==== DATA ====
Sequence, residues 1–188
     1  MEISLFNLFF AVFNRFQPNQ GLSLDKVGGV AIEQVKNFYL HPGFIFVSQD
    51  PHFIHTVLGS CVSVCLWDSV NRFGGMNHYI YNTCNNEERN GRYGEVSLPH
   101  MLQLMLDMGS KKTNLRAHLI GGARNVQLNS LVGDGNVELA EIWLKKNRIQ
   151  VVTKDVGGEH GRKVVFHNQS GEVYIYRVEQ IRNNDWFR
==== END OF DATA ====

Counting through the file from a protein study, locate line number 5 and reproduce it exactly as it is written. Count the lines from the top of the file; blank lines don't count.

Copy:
   151  VVTKDVGGEH GRKVVFHNQS GEVYIYRVEQ IRNNDWFR